My Shetland cashless experiment has finished – the overnight North Link Ferry has deposited me back in Aberdeen. 42 weeks cashless on the British mainland – would it be possible to be cashless on the most northerly islands of the UK? Is it possible for all UK citizens to dispense notes and coins to the legacy payments hall of fame […]
My Shetland cashless experiment has finished – the overnight North Link Ferry has deposited me back in Aberdeen.
42 weeks cashless on the British mainland – would it be possible to be cashless on the most northerly islands of the UK?
Is it possible for all UK citizens to dispense notes and coins to the legacy payments hall of fame and become cashless regardless of where they live?
Armed with some contingency cash I ventured as far north as I could to find out.
What did I find:
Acquiring cash on the Shetland Islands is difficult – I only saw two ATM’s both charged a fee and one was out of service! I didn’t pass a single bank branch but a mobile bank did drive past me on one occasion. I guess cash back works at some places but I didn’t ask.
With variable mobile phone coverage it was good to see a traditional phone box displaying a ‘no cash, no problem’ sign offering card based payments.
I wrongly assumed that a very traditional museum and coffee shop would be cash only – contactless payment was fine although the card reader only worked in certain rooms due to the thickness of the stone walls.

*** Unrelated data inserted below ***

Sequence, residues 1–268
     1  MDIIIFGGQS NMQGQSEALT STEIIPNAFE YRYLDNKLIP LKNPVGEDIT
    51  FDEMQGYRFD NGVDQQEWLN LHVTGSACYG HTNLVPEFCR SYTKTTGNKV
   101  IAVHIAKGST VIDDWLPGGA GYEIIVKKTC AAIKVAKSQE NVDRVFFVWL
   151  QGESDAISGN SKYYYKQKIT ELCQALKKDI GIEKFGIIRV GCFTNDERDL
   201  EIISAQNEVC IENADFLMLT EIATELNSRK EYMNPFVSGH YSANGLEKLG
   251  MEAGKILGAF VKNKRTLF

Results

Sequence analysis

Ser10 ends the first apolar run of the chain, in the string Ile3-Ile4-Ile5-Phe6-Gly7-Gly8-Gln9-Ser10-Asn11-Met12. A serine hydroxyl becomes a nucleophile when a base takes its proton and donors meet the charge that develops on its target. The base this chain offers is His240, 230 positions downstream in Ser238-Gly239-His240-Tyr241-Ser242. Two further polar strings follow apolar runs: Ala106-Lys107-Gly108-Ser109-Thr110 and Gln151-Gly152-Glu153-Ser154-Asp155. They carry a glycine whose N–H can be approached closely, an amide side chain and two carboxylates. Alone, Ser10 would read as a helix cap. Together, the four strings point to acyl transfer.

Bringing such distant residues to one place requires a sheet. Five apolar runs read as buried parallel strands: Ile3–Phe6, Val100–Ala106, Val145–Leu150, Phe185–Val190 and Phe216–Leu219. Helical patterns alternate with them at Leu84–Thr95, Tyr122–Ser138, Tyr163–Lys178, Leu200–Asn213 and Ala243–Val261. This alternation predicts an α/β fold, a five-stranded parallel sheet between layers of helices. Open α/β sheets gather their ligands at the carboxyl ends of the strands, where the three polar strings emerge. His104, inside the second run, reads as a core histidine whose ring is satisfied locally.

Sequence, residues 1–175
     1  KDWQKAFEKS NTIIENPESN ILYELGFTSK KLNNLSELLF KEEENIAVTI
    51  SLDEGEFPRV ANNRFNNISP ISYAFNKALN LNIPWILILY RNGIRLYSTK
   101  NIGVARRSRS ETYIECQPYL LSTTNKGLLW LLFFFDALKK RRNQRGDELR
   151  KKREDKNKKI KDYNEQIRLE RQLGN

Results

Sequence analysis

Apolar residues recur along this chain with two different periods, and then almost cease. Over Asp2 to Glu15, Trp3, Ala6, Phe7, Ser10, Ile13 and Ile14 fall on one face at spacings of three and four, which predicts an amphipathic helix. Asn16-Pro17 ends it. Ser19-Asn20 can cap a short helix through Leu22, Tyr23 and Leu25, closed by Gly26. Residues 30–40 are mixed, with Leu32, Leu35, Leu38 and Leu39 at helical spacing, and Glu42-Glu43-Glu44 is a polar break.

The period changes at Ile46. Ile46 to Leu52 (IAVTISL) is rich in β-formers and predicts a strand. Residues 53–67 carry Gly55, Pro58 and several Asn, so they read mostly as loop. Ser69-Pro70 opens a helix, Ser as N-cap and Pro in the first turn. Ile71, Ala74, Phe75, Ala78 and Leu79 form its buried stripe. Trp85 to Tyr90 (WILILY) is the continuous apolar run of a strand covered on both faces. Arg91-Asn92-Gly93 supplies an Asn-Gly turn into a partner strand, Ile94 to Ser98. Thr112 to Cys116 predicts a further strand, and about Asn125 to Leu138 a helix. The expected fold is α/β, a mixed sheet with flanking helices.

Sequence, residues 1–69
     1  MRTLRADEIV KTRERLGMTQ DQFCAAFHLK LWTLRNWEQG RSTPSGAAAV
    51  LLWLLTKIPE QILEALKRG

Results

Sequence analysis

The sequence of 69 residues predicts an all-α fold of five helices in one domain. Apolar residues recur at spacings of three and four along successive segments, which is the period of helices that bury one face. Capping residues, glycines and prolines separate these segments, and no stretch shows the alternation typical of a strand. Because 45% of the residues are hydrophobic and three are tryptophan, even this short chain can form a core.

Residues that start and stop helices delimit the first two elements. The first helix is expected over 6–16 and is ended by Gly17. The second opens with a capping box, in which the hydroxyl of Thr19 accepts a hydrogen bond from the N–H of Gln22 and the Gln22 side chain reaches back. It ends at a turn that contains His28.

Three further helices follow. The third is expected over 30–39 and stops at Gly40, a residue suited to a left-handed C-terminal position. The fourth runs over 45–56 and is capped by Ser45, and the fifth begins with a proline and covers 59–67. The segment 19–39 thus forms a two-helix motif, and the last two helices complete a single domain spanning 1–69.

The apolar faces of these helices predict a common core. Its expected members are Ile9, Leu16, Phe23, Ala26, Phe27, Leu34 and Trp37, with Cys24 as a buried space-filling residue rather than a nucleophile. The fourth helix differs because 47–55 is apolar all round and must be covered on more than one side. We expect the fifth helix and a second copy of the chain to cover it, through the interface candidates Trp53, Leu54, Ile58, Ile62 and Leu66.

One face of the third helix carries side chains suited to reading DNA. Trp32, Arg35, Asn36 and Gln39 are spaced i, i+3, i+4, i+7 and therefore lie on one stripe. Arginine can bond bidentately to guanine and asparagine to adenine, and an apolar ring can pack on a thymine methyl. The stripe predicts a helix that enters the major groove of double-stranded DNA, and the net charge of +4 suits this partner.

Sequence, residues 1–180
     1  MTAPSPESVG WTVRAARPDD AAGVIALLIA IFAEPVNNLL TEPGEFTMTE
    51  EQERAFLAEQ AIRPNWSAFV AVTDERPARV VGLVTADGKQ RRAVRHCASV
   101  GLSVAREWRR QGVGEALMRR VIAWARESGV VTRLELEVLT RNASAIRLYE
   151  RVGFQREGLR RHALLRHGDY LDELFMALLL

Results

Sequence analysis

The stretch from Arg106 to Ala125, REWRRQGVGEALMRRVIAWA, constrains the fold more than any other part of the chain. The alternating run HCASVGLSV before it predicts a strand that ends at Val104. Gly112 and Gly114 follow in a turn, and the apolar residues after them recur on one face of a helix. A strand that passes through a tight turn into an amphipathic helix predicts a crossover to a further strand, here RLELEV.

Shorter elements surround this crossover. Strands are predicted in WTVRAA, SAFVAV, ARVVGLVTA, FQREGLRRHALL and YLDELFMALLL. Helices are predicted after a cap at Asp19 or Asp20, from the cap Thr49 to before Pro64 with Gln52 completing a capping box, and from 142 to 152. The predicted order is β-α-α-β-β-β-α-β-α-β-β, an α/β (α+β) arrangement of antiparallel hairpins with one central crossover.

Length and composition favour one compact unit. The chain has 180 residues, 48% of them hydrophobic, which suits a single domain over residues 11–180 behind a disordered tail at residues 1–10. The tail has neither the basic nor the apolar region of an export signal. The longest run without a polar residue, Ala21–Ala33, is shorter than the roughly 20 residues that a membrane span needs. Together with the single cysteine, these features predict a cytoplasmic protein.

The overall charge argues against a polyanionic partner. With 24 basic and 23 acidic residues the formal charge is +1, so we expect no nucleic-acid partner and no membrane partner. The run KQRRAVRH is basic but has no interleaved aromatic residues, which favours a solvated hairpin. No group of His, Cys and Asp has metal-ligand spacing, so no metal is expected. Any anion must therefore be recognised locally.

The ubiquitous service from the Post Office meant that cashless was fine although the common friction of buying a stamp contactless but needing to pay cash for the postcard to stick the stamp on was the same as in the rest of the UK.
Most shops happily took cashless payments and only once did I see the dreaded ‘minimum £5 spend sign’.
Jumping from island to island on the inter-island ferries was very smooth but frustratingly cash only.
I found a fantastic pop-up community cafe on Shetland mainland desperately needing a simple cashless payment option.
I was fascinated by the story of the Fetlar tenant farmers who had no truck with the Truck System and rebelled by whale fishing in Greenland – cashless and money remittances in the 18th and 19th Centuries.
The Shetland Islands are close to being as cashless as the rest of the UK.
The remoteness of these northern isles makes everything just a little bit harder – in my snapshot experience the only cash I really needed was for the inter island ferries operated by the local council and a postcard to send from the most northerly Post Office (very retro).
Post Office payment friction, small scale cash only community initiatives and the (albeit rare) dreaded minimum card spend signs are not unique to these islands.